Note, that if they instead had said “each turn” then these objects would be taking damage multiple times per round. I hesitate a guess that some of the unusual wording here comes from the fact that objects don’t even have turns of their own so they couldn’t have used the wording they usually do for creatures.

Homebrewing a Naga: Is this option a balanced substitute for Magical Resistance?

I am homebrewing a Naga PC and using the Yuan-Ti Pureblood (Volo’s Guide to Monsters, Page 120), but I felt that Magical Resistance (below quote) was a little too strong and didn’t fit what I was going for.

Magic Resistance: You have advantage on saving throws against spells and other magical effects.

I am interested to know if this ability would be an acceptable and balanced substitute for Magical Resistance:

Serpent’s Tail: The Naga’s tail is a natural weapon. A Naga can smack an opponent with its tail to deal 1d6 + STR Bludgeoning damage. In addition, if the Naga hits, it can to attempt a Grapple against an Opponent. If the grapple succeeds, the Opponent is Grappled. While Grappled this way, the opponent is Restrained, and the Naga can use an attack on subsequent turns to Constrict the target, dealing 1d6 + STR Bludgeoning Damage to them and the target cannot breathe. This attack does not require free hands, but the Naga can only grapple one target at a time.

Also, I should note that the Naga as I have it loses most of the Innate Spellcasting from the Pureblood, except for the Poison Spray Cantrip.

Are these two abilities balanced when compared to lost Innate Spellcasting and the loss of Magical Resistance?

Can Nystul’s Magic Aura’s False Aura option be used on creatures?

This question was inspired by a question on whether detect magic can sense feign death. I believe it would, which raises the question of how you could foil detect magic in this case. The obvious solution would be use to Nystul’s Magic Aura (also known as Arcanist’s Magic Aura), which is designed for concealing magic.

However, as I read the spell more closely, I noticed an issue. Magic Aura can be used on both creatures and objects. Magic Aura has two options: False Aura and Mask. Mask is used to disguise a creature’s type or alignment. False Aura is used to disguise whether or not the target is magical and the school of magic of its aura. Therefore, if I want to make my creature under the influence of a spell appear to not be under the influence of a spell, I would want the False Aura option.

But there is a problem. False Aura starts by saying

You change the way the target appears to spells and magic effects, such as detect magic, that detect magical auras.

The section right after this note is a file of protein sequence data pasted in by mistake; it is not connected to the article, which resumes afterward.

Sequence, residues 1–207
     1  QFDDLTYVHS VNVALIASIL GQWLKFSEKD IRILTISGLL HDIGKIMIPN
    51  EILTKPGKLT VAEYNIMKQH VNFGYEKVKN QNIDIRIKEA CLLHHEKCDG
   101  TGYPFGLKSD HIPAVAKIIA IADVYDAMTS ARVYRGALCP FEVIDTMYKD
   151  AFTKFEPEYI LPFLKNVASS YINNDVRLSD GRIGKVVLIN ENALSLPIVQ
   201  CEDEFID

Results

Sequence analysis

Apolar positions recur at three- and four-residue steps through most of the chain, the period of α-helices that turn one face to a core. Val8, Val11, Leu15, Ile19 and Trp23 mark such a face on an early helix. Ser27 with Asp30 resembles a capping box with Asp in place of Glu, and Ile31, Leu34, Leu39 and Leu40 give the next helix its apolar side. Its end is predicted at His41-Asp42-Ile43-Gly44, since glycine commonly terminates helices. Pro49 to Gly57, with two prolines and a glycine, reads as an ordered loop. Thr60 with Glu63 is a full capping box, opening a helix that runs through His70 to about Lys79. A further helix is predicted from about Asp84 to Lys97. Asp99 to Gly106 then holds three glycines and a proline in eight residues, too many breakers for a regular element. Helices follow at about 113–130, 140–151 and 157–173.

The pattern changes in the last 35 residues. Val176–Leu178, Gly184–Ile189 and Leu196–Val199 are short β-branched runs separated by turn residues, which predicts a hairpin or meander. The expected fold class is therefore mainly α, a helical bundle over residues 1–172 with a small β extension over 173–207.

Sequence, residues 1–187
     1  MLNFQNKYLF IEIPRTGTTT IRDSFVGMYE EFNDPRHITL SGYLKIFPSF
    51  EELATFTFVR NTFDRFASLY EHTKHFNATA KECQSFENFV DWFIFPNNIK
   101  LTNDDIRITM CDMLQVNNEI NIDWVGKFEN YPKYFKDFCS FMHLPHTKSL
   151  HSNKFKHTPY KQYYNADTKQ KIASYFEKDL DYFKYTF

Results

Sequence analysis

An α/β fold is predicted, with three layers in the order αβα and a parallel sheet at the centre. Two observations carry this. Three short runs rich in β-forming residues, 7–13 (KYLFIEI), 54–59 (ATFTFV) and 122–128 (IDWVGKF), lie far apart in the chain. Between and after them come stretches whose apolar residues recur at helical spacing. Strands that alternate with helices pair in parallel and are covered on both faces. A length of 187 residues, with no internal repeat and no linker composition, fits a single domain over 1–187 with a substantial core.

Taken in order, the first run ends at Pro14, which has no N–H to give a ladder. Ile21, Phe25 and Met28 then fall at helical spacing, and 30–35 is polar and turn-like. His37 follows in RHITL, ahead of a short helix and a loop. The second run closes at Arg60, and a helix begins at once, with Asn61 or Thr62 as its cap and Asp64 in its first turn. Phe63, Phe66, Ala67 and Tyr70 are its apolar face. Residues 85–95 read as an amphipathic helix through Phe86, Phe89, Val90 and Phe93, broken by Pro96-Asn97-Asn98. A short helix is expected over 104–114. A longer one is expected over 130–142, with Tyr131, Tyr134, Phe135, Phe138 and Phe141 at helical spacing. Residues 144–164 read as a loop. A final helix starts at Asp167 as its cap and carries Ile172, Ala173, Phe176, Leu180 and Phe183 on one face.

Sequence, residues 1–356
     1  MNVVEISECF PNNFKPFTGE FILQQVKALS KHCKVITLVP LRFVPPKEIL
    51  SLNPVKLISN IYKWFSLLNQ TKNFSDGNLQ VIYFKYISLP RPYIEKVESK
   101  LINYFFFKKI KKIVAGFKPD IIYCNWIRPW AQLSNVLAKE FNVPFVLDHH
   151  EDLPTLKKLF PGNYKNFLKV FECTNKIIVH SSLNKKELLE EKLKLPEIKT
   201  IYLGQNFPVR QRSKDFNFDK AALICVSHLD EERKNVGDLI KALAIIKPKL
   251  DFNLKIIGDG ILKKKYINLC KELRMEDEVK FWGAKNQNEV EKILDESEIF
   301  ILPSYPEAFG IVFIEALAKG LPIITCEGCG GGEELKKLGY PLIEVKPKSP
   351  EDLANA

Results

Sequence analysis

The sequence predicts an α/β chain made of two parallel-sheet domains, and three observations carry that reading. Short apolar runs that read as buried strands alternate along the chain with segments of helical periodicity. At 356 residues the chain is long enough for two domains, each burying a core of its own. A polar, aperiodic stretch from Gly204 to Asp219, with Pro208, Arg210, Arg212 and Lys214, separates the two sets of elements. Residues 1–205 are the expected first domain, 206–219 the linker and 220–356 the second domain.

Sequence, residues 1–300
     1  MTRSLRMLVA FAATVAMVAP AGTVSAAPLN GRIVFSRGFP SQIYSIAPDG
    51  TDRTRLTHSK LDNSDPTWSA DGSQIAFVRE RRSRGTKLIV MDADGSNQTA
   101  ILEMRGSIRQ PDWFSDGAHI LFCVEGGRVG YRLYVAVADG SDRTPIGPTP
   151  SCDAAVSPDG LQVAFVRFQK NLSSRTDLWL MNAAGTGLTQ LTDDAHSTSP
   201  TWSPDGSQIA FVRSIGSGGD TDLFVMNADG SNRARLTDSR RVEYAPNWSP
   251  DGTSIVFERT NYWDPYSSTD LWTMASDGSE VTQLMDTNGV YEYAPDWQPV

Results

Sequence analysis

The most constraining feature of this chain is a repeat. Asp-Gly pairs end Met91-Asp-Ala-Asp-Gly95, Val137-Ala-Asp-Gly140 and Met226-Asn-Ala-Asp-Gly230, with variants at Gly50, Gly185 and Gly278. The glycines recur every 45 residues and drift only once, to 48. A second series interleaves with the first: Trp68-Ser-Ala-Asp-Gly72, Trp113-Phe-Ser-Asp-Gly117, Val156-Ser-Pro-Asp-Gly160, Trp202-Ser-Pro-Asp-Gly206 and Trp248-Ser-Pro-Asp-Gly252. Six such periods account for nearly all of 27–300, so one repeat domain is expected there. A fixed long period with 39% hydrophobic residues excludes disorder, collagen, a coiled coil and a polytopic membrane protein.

Great, that’s exactly what I want to do. However, the rest of the paragraph refers to this option’s effects on objects, not creatures. One could read this as meaning that the False Aura option has no effect on creatures and is meant to be used only with magic items. However, Magic Aura also says

When you cast this spell, choose one or both of the following effects.

Mask clearly applies to creatures and has no benefit for objects (since they have neither type nor alignment). Thus, if False Aura only worked on objects, they would have no reason to let you use both Mask and False Aura on a single object (save for some extremely niche cases where the target could alternate between being an object and a creature). This implies that maybe False Aura can work on creatures, and they just used the object case as an example.

But there’s another complication. Even if I can use the False Aura option on a creature, it is unclear whether False Aura will conceal spells which are affecting the target or whether it only disguises magic which is intrinsic to the target (such as from any creature summoned by a conjure spell). I am interested in the former case, where the target is not intrinsically magical but is under the effect of spells.

Can I use Magic Aura to conceal or disguise magical effects on a creature?

In a booking confirmation page, is it good UX to tell the user they have an option to cancel once they have booked?

We want to keep the page as simple as possible with the appointment schedule, booking fee and payment method.

But when keeping in mind a user-centric approach, a problem that might arise would be:

What if the user wants to know if they can still cancel the booking?

Would it be a distraction to the main flow(booking) if we explain to them the cancel policy in the confirmation page?

The policy goes something like :

“You may cancel at least 24 hours before the appointment schedule to get a 100% rebate.”

Take note that this app only charges the booking fee and a rebate would be given after they have cancelled, the payment for the service would be done after the service has been made.

One of the stakeholders also said that: “It would give the idea that we aren’t confident of our bookings because we give the users an idea that they can cancel”